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"Some people choose friends who are different from themselves, while others choose friends who are similar to themselves."

"Some people choose friends who are different from them, while others choose friends who are similar to them."

Which is correct? Or both?

The sentence "Some people choose friends who are different from themselves, while others choose friends who are similar to themselves." comes from a list of essay topics compiled by ETS (Educational Testing Service).

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From a thread titled “between them / themselves” at WordReference.com:

user El10, Senior Member:

My grammar book [Advanced Grammar in Use by Martin Hewings —Ed.] says the following:

When the subject and object (after a preposition) refer to the same person or thing we use a reflexive pronoun after the preposition:
He was pleased with himself. (not ...pleased with him.)

If the verb has an object, we use a personal pronoun, not a reflexive pronoun:
I remember closing the door behind me. (not... closing the door behind myself.)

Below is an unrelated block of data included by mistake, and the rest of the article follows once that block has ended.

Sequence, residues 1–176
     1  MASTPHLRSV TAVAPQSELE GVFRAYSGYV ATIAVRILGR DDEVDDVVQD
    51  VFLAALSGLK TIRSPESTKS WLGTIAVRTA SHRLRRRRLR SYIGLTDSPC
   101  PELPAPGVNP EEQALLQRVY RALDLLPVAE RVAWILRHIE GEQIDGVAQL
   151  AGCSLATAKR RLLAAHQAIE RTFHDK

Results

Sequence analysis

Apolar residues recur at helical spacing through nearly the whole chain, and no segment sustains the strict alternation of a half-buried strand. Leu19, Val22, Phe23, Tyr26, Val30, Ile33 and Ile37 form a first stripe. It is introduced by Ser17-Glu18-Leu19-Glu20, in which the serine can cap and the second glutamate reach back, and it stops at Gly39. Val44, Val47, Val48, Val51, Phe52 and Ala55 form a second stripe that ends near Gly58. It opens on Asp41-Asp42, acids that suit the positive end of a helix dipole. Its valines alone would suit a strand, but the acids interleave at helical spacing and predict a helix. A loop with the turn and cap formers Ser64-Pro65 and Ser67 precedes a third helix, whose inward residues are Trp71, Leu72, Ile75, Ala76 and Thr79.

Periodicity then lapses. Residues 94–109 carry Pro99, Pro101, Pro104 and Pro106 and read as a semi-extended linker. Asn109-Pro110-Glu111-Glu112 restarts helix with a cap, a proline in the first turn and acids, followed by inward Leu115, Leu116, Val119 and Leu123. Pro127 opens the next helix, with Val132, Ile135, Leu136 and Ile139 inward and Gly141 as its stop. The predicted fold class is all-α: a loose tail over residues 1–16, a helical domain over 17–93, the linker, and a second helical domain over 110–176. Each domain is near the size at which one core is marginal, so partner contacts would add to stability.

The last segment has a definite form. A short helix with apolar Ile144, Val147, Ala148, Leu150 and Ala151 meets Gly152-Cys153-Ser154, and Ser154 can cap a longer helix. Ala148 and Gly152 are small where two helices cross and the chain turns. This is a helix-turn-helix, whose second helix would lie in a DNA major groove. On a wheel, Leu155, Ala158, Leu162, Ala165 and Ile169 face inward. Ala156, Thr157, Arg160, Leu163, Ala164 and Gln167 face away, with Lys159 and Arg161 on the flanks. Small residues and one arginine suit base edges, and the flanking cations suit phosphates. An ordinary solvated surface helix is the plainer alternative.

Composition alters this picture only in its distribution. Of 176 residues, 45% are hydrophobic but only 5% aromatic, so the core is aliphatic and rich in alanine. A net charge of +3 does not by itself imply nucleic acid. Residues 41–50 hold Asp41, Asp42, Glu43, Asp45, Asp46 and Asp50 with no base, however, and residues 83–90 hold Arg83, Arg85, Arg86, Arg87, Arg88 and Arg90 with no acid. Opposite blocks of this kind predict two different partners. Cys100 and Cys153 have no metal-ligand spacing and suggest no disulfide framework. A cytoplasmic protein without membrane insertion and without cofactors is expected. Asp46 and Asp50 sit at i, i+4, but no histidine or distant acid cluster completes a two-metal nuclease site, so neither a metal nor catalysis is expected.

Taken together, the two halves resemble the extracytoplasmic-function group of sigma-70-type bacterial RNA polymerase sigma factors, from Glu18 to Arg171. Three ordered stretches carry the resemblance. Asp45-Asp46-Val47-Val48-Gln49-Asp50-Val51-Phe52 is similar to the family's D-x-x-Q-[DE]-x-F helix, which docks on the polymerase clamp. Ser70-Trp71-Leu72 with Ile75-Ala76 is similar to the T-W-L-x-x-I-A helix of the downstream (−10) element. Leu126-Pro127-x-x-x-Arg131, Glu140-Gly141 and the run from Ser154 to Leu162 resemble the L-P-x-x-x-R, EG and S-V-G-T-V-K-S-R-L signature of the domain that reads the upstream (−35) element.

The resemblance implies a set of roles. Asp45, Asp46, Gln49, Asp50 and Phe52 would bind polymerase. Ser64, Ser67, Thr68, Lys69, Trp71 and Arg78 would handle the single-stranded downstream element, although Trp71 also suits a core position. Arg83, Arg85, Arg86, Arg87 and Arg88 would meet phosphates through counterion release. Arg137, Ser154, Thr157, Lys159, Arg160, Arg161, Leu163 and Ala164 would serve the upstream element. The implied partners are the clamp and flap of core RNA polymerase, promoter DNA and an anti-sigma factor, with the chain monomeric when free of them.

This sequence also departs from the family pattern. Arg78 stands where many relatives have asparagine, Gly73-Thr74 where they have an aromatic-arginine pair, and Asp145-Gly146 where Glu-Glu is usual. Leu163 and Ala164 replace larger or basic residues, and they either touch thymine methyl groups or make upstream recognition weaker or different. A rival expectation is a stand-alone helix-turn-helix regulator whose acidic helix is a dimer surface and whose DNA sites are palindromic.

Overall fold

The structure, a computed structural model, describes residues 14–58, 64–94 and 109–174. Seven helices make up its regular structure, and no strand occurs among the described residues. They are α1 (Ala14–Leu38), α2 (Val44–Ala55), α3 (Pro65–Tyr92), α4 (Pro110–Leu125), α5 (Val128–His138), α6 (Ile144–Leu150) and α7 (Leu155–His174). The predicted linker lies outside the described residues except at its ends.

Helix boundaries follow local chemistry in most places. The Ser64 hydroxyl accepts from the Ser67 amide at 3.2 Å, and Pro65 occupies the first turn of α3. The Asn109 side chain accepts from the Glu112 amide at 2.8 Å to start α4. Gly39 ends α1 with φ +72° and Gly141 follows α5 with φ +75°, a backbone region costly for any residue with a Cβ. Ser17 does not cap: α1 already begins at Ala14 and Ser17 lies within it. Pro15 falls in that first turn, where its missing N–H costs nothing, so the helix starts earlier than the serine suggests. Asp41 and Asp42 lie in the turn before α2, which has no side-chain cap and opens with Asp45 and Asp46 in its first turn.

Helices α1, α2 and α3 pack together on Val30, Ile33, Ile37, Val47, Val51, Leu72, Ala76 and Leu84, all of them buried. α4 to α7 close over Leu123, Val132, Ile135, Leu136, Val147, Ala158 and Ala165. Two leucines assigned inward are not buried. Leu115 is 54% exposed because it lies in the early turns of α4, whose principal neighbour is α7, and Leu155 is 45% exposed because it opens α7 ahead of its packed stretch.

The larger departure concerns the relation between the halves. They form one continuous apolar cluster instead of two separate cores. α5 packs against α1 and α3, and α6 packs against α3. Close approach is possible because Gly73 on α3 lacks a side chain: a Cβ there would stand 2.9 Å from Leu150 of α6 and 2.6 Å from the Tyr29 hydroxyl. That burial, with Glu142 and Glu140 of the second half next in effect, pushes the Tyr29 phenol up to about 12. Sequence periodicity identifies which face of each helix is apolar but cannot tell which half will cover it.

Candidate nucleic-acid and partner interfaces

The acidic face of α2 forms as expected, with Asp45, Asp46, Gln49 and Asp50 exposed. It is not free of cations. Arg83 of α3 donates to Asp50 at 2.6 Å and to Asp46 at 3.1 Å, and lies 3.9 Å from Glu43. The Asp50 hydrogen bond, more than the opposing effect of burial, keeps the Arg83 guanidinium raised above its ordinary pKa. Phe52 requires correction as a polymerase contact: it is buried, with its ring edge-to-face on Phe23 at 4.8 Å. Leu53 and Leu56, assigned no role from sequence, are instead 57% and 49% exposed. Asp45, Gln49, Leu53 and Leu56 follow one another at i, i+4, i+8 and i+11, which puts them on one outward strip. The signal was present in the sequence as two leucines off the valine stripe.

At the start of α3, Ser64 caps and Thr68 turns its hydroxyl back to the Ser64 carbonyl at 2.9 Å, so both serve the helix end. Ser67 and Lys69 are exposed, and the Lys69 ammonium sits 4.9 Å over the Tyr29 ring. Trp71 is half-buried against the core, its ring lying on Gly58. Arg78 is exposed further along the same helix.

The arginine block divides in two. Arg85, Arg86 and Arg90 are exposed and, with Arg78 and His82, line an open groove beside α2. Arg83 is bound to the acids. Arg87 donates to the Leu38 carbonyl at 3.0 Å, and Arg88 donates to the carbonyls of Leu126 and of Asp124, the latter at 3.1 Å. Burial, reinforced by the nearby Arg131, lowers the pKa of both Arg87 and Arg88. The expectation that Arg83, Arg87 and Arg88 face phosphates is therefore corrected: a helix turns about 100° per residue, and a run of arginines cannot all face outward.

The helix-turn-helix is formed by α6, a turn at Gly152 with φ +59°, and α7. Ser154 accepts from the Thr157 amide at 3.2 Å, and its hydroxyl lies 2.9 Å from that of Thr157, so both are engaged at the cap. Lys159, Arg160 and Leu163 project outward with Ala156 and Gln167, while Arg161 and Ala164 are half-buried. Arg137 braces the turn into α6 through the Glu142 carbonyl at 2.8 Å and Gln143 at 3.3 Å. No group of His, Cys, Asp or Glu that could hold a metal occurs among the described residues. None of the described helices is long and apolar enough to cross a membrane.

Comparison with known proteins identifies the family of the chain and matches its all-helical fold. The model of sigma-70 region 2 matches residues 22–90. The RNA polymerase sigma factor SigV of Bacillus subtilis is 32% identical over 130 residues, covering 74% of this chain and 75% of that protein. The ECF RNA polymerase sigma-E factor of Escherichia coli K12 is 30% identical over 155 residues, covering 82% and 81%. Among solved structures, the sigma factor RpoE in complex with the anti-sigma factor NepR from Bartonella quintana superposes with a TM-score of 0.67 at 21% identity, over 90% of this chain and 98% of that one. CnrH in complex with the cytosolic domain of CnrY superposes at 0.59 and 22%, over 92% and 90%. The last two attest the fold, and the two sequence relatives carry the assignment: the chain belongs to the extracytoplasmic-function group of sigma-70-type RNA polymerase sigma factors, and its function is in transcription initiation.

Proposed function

However, if the clause has a direct object and we need to make it clear that the subject and prepositional phrase refer to the same person or thing, we use a reflexive pronoun:
She bought the bracelet for herself. ('...for her' suggests it was bought for someone else.)

user entangledbank, Senior Member:

The choice of plain or reflexive pronouns after prepositions is difficult. Some take one, same take the other, some allow both, sometimes it depends on the exact meaning ('They kept it a secret between them/themselves'). There is often no good reason, just idiom.

I can't give you a specific rule, but I think both are correct. Read this example:

user idialegre, Senior Member:

"They shared the food equally between them." The main emphasis is on the fact that they shared equally, i.e., 50-50.

"They shared the food equally between themselves." This suggests to me a slight emphasis on the fact that they did not share the food with anybody else, as in, "They distributed the cigarettes among the rest of the people, but shared the food equally between themselves."

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    If you copy part of your answer (first 3 paragraphs) from an outside source, you need to reference it. – Peter Shor Apr 9 '17 at 16:48
  • The words "I can't give you a specific rule, but I think both are correct. Read this example" are apparently this author's own work. All the rest of this answer is copied from a thread at WordReference without crediting the original authors. And the first three paragraphs were originally copied from a grammar book by one of the WordReference users in that thread without crediting its author or the source, a source which @PeterShor seems to have identified above. I will edit the answer to credit the sources. – MetaEd Apr 11 '17 at 20:14

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